ALU: What are you most in the mood to read these days? Any poets you’re especially enjoying?
JE: The pandemic, with its quarantine and lockdown measures actually forced me to visit my own bookshelves. I finally blew dust off book covers either never opened or I haven’t looked at for years, in particular, print issues from various literary journal subscriptions I had to stop receiving at some point because I couldn’t read them fast enough. Some date way back, I’m ashamed to admit, from the last century. Contemporary Verse 2, Grain, Room, The New Quarterly, Ricepaper— to name a few Canadian titles. I usually read from a volume before bed. If the material is particularly intense or challenging then I do reach for a favourite poet to settle down with before lights go off. Right now, Lorna Crozier, Susan McCaslin, Mary Oliver, Fiona Lam, and Mary Lou Soutar-Hynes, leave exquisite words and images in my head before I fall asleep.
ALU: Describe your ideal escape.
JE: I already live in a neighbourhood that provides great opportunities for the kind of escape I need and enjoy, namely access to nature in the city. My co-op faces a well-kept park in one direction and lake/harbour view on the other. We are surrounded by abundant green space: more parks, public gardens, a wetland, bike trails and waterfront habitat restoration projects. Give me trees, flowers, songbirds and Lake Ontario and I’m a happy gal.
Psst, Cio-Cio San—come here.
Don’t trust that sailor.
It ends badly; I saw the opera. Marry
him and you commit suicide on the
international stage complete with a
Your grief could slice bone; but worse? You
sing about it in glorious pitch.
Karma dictates that people will buy tickets
to watch you do this over and over again. Is that what you want?
Japan, with its delicate flavours of
ceremony will entice him to sample all
blossom and fruit as refuge/reward from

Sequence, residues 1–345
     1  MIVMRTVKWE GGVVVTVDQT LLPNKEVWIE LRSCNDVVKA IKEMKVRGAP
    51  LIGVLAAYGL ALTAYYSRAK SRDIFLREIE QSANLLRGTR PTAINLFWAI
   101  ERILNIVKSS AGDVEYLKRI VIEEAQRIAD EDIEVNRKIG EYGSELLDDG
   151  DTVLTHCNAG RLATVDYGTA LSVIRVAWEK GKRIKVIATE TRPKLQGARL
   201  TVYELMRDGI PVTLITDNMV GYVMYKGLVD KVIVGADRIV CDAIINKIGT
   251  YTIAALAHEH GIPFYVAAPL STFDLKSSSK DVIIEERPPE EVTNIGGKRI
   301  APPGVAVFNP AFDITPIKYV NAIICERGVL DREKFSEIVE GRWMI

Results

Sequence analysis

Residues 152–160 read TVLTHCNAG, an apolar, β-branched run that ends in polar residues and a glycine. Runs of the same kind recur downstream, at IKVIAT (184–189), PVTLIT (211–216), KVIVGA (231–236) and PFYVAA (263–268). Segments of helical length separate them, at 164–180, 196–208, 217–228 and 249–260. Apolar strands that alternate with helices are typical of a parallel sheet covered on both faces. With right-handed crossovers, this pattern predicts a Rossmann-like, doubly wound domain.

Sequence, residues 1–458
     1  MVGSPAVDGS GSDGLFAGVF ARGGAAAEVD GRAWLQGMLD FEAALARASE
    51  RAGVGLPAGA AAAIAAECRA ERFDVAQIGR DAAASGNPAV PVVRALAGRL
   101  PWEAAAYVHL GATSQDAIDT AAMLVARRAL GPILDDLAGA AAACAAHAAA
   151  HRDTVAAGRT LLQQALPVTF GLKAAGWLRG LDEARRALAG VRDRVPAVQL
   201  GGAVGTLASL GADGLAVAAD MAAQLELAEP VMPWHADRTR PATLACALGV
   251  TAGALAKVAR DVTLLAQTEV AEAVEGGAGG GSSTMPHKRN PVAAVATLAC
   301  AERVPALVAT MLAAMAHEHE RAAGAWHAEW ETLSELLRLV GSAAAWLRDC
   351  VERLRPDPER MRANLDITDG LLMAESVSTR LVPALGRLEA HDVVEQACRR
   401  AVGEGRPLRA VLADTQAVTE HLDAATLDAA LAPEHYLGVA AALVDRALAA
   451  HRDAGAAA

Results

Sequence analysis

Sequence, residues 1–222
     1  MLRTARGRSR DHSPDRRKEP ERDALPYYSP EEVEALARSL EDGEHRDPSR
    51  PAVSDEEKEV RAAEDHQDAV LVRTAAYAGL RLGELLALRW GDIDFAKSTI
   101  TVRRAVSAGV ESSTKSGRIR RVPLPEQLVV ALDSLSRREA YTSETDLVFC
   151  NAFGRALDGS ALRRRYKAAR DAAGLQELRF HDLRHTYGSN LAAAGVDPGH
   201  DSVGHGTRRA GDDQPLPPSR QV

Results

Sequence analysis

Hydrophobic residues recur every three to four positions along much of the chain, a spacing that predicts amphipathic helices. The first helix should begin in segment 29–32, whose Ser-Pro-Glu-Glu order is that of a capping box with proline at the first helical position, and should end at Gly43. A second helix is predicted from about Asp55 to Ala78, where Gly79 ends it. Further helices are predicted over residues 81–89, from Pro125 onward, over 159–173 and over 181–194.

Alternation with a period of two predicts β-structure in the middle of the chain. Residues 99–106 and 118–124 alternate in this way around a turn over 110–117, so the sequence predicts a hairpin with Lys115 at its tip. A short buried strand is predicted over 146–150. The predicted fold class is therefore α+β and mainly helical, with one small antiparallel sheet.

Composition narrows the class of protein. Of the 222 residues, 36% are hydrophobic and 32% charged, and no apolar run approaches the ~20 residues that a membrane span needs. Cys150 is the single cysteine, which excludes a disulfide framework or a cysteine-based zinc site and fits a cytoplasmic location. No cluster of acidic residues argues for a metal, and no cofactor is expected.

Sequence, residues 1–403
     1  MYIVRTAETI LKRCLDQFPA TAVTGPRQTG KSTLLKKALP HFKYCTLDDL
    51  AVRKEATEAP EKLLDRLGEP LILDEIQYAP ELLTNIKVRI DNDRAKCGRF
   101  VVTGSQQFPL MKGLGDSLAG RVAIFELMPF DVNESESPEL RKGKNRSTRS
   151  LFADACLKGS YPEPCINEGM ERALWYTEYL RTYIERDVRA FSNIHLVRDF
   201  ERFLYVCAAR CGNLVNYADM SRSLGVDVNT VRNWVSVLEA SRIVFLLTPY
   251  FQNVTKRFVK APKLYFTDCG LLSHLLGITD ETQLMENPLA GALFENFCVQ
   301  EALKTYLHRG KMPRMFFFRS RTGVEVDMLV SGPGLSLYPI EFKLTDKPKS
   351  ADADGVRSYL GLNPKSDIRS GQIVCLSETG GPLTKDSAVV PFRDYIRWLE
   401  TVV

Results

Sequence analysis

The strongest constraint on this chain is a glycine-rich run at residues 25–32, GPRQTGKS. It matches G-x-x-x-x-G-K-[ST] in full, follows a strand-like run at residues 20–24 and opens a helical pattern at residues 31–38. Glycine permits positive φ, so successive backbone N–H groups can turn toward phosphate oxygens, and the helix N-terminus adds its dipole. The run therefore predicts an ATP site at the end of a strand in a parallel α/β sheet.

the navy. There’s more to living than
waiting three years for a married man
who only returns to collect your son.
Become a martial artist instead.
Devote three years towards learning
Train in weapons like nunchaku or sai.
Practice throwing the poison stars just in
case you never know when to defend
your honour from those who
expect abandoned wives to be sport.
Quash this potential for a tragic heroine by
turning Madame Butterfly into Lady Dragonfly: the geisha-ninja warrior.
Tell the maid you intend to pine
nights away in the garden for
the scent of his hand on your face.
Then sneak off to ambush bandits
if they bother peasant or village.
Paint your shadow like a brush of sumi-e
ink through the streets of Nagasaki.
Haunt criminals with their own
imagination. Leap between young
girls and danger; show them how to snap-kick wearing a kimono and geta.
When that letter arrives stating:
he wants his child but not
you—receive the news with pain
dismay and, yes, everything could
still happen over your dead body.
Except this time you have enough
resources to hobble anyone’s knees should they try.
* * *
Jean Eng is a writer and visual artist from Toronto, Ontario. Her paintings have been exhibited in Canada, the U.S. and Japan. They also hang in public and private collections including the Government of Ontario. Her poetry has appeared in literary journals in Canada, the U.S., and the United Kingdom, including Canadian Literature; Contemporary Verse 2; The Dalhousie Review; Grain; The Nashwaak Review; The New Quarterly; Room; Vallum and WomenArts Quarterly. Her work was also included in a limited edition chapbook, Lacewing, an anthology of nature poetry. Festival of All Souls is Jean’s debut poetry collection. She lives in Toronto.